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Many factors go into determining the value of your signed collectible. Today, we look at five key areas which contribute to your signed collectible’s value.
The top factor concerning your item’s value is who authenticated it. Without authentication, your signed collectible’s value is only worth what someone is willing to pay and has no real value in the open market. But if a trusted source authenticates your item, the signature’s value increases.
There is a demand for authenticated sports memorabilia. A Michael Jordan autographed basketball authenticated by UDA is worth hundreds of dollars more than the same basketball signed by Jordan without authentication. If your item hasn’t been authenticated, I recommend contacting a third party authentication company and have them review it. There is an associated fee charged, but it is well worth it if you ever plan on selling your collectible or if you are passing it down to someone else.
Second, how good was the player? A player’s greatness helps the signature’s value in a big way. For example, Tom Brady is one of the best football players of all time. Because of this, his signature’s value is one of the highest in sports. The same holds true for Hank Aaron, Magic Johnson, and Wayne Gretzky. All three are among the greatest to play their respective sport. Player records, “Hall of Fame” status, along with world championship wins, are just a few aspects that play an integral part in a signature’s value.
Third, how scarce is their signature? Going back to the example of Tom Brady — he does not sign a lot of autographs. His signature isn’t only valuable because he’s a great player but also because there are so few authenticated Tom Brady signatures out there.
Barry Bonds’ signature, back when he was playing (and even today), was almost impossible to get. He did not attend autograph shows and would not sign at the ballparks. To many collectors, his signature is gold because it is so hard to find. On the other hand, there are players like Cal Ripken, Jr. When he played, he regularly signed at the ballparks. And, now, he does autograph shows all over the country. His signature carries value, but not as much as if it weren’t everywhere. The more he signs, over time, the more his signature’s value will diminish.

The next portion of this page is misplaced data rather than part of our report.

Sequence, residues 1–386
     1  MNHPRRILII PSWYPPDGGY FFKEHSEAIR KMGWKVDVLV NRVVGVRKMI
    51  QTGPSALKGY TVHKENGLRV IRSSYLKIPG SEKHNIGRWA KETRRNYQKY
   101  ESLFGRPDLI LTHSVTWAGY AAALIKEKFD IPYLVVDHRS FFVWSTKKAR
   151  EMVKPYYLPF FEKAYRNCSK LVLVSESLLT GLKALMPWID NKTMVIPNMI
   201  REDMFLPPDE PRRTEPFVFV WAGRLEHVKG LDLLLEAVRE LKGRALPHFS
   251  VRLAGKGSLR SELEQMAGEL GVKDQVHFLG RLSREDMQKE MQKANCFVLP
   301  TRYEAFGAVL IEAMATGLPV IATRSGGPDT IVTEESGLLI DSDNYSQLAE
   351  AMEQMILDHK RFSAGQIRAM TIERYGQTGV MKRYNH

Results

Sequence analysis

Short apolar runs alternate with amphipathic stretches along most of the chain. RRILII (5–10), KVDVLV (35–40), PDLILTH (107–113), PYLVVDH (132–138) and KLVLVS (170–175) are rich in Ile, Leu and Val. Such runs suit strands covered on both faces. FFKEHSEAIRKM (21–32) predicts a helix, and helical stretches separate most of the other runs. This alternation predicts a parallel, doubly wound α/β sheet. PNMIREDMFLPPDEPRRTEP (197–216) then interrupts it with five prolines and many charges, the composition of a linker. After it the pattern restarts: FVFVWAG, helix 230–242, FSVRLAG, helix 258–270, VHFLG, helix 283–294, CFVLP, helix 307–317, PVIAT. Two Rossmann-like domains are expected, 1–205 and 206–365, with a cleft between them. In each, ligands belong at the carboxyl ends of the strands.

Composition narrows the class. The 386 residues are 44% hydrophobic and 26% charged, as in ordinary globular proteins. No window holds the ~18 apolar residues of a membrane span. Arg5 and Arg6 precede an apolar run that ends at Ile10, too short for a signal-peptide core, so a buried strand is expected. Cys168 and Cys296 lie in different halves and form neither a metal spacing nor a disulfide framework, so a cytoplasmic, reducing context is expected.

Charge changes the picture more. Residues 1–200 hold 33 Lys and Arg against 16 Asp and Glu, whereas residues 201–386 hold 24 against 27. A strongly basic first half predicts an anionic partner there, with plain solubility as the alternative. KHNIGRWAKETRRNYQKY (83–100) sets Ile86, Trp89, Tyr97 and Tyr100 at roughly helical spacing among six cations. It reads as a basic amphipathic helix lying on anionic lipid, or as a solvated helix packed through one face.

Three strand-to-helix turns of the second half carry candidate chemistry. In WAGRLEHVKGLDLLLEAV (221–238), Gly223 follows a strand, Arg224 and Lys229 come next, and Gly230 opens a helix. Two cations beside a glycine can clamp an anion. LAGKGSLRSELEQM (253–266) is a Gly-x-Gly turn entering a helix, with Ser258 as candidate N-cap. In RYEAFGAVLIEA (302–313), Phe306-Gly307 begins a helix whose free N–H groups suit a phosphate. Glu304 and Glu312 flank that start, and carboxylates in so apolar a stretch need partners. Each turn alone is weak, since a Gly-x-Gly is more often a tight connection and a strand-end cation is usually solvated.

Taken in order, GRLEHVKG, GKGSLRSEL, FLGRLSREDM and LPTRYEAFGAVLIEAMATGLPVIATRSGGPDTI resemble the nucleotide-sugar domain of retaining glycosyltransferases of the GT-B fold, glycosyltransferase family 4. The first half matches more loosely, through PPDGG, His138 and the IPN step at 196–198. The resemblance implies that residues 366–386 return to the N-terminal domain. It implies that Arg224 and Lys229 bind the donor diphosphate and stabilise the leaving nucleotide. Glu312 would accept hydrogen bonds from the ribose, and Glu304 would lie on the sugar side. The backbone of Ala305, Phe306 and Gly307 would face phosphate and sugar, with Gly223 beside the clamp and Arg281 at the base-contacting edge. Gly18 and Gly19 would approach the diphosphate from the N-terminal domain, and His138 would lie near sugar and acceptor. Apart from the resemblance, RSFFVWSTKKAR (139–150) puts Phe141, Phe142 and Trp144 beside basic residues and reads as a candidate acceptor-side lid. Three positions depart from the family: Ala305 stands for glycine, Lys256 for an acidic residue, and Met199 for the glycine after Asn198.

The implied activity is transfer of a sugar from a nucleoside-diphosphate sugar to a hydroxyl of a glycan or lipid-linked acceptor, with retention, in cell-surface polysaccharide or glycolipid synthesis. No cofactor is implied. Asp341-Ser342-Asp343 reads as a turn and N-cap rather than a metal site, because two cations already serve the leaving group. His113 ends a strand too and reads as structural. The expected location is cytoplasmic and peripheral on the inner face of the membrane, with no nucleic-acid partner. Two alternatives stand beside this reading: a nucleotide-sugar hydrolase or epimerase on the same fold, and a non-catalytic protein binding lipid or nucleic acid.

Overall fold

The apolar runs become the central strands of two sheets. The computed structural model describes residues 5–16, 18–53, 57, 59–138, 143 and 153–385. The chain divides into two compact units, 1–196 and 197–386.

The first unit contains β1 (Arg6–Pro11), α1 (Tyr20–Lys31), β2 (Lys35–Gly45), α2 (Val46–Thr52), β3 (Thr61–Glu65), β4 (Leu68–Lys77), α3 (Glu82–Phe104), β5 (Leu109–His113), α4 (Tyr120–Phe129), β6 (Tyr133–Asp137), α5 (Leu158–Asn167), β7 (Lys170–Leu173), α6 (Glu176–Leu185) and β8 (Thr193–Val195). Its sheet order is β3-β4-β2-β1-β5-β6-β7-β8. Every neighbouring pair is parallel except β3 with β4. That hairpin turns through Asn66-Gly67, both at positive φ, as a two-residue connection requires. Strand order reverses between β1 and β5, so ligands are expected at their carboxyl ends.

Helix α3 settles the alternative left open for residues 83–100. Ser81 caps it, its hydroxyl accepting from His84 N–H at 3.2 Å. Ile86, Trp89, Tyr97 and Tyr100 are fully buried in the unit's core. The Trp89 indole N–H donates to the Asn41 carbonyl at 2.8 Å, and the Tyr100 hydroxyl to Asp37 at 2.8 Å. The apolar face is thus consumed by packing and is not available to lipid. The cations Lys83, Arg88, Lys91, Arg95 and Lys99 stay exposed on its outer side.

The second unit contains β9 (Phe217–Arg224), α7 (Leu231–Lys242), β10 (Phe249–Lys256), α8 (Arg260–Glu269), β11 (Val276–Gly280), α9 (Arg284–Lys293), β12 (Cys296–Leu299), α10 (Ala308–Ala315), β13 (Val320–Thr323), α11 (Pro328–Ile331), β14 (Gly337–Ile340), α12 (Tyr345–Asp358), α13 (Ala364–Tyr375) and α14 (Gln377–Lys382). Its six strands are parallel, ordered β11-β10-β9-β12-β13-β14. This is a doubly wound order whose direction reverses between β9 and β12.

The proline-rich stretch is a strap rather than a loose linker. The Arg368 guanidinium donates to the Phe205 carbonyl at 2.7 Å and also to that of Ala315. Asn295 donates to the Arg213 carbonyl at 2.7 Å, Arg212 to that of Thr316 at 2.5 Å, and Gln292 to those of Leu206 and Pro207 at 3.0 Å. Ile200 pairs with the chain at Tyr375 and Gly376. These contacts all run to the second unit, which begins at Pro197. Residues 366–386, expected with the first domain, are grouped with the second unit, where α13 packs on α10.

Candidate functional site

Fourth, what item did the athlete sign? Value is considerably determined by what gets signed. For instance, a signed Lebron James Jersey is worth a lot more than a signed Lebron James photograph. Helmets and Jerseys are two of the most valuable items you can get signed. Balls, bats, cleats, and gloves (to name a few) tend to maintain stable values. Signed, yet unframed, photographs are usually worth much less had their framed counterparts. Signed game-used items carry a greater value because of how limited the piece is. In the golf world, a photo typically has more value as golf balls do not sign well and are hard to read. Only a limited number of collectors collect signed visors, so the photo is a more valuable when it comes to golf.
Fifth, a player’s popularity can sway value. Derek Jeter was a great baseball player. He played for the Yankees, and the majority of the sports watching world liked and respected him — a fact that contributed a great deal to the increase in his signature’s value. During the time when Mark McGwire and Sammy Sosa battled to break Roger Maris’ record for “Most Home Runs in a Season,” both their signatures skyrocketed in value. Once their duel ended, the value began to drop. It dropped even further when all the drug speculation began. Jeremy Lin, when he played for the New York Knicks, was on an incredible run. As a result of his increased popularity, his signature was in high demand. He wasn’t going to be the next Michael Jordan or Magic Johnson, but people loved him. Now that he’s come back to earth, and is playing at a very average level, his signature is not worth anything near what it was during that short stretch. One last example is that of Joe Montana — he signs a lot of autographs but is still so popular with fans that his signature’s value holds up.
As you can see, an autographed item’s value is determined by many factors. Not just these five, but also considerations like the pen that was used, as well as its color. Also, where the item was signed can have an effect on its value.
Hopefully, these five key areas will help you when it comes to determining the value of your signed sports collectible. And, until next time, please check out GamedayConnexion.com for further information, old blog posts, upcoming signings, and all your sports collectible needs.